We are in a restaurant discussing the fate of our marriage. The cards are on the table and the chips fall as they may. We spend the next hour talking about finances, what our lives would look like sans one another, and what this rupture would do to our innocent children.
He says: ” If we were to stay together there would be a lot of changes and I am not sure you would like them.”
“What changes might those be?” I ask.
“Well, I’ve never told you this before but I am pro-life like they house I was raised in. I might want ours to be a pro-life household too. I would want our children to be raised this way.”
Whiplash has slapped me hard because I have shaken my head so violently trying to make this man come into focus again. You mean after 30 years of togetherness you felt like you couldn’t say something about this? WTH.
“And I want to be treated like the man of the house.”
Somewhere I hear the words obey mentioned.
I stare at this man I’ve saved and who has saved me numerous times over the past 30 years. He looks the same on the outside but obviously there is a lot changing on the inside. I’m not sure I like it. Actually, as a feminist I know I dislike it…a lot.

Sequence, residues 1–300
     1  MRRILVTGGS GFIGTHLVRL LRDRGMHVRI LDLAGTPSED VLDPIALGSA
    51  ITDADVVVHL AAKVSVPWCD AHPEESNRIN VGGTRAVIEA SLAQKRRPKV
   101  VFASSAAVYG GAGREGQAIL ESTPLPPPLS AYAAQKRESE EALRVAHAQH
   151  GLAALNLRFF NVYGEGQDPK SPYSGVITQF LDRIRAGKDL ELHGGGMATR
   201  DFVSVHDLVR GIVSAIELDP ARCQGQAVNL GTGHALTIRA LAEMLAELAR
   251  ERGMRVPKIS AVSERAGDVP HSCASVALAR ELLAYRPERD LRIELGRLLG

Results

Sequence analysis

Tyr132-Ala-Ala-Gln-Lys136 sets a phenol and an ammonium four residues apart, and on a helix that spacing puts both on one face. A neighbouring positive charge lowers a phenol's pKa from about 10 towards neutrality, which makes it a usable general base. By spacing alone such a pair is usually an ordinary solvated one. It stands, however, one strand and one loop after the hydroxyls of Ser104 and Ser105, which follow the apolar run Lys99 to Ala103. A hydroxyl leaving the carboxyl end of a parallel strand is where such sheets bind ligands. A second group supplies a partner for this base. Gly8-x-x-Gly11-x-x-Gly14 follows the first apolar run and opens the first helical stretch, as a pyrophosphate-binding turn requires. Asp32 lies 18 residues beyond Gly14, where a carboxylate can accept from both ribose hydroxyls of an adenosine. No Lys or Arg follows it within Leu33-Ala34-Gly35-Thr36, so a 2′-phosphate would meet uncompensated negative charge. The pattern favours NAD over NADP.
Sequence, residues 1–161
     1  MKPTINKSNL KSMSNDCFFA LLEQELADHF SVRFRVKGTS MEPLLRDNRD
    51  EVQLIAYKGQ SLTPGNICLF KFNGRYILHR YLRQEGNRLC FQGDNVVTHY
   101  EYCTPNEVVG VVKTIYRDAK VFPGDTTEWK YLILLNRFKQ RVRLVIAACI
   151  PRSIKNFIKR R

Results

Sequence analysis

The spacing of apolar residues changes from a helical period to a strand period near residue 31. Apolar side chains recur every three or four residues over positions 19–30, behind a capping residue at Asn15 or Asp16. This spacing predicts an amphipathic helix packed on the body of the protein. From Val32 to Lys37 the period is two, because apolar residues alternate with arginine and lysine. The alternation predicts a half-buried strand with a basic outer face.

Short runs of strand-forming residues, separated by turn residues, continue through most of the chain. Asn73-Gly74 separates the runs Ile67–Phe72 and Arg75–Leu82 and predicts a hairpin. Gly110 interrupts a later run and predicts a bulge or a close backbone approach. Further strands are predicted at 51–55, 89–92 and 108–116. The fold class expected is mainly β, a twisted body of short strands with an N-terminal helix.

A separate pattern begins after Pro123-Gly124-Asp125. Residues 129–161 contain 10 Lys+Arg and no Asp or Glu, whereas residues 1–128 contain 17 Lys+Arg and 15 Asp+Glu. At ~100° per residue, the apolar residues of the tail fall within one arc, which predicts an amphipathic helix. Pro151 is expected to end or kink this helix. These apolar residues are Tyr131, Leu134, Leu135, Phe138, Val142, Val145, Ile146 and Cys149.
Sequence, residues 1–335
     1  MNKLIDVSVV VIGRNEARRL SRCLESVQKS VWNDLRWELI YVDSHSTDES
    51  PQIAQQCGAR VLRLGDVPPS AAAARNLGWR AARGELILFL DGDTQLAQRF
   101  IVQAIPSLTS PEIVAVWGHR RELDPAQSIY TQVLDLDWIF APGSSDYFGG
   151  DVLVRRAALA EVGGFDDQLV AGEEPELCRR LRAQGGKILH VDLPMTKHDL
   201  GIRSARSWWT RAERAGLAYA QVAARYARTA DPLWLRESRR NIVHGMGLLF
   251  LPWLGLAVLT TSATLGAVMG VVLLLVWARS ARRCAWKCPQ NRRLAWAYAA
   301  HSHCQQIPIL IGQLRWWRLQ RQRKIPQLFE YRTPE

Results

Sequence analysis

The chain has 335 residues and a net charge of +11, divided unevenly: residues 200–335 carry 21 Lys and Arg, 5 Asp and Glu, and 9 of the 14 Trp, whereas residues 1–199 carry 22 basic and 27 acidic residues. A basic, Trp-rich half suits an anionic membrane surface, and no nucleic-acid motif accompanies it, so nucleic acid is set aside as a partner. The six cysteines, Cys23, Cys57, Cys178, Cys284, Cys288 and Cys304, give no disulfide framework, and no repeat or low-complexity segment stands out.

“What does this mean to you? Man of the house?” I ask… while I am thinking to myself…so you are finding your voice and now you want to roar. Roar out all the misunderstandings. Roar out all your “unheard” convictions. Roar out life as you imagine it should be while you figure out who you want to be. You want to be heard after feeling unheard all of your life. A hurt that started with your mother and one that you feel continued on with me.
My eyes stare back, unblinking, both locked into a battle of silent conviction.
“At the end of the day I want to know that my word is the final word.”
And in the end the only thing I can say is nothing. Because talking to this man before me is like talking to a stranger who speaks a different language, has different values, and wants different things than I do. Things I never knew about. Things I never guessed. They are not the things that delight me. They are sharp and they sting the inside of my heart and of my head.
So I look down at my feet and stare at my crooked big toe observing how it leans to the left, as does my philosophy, and the tears start to glide silently down my face as my awareness of how deep this situation dwells in a land of which I know not; and it seeps from the very center of my pores.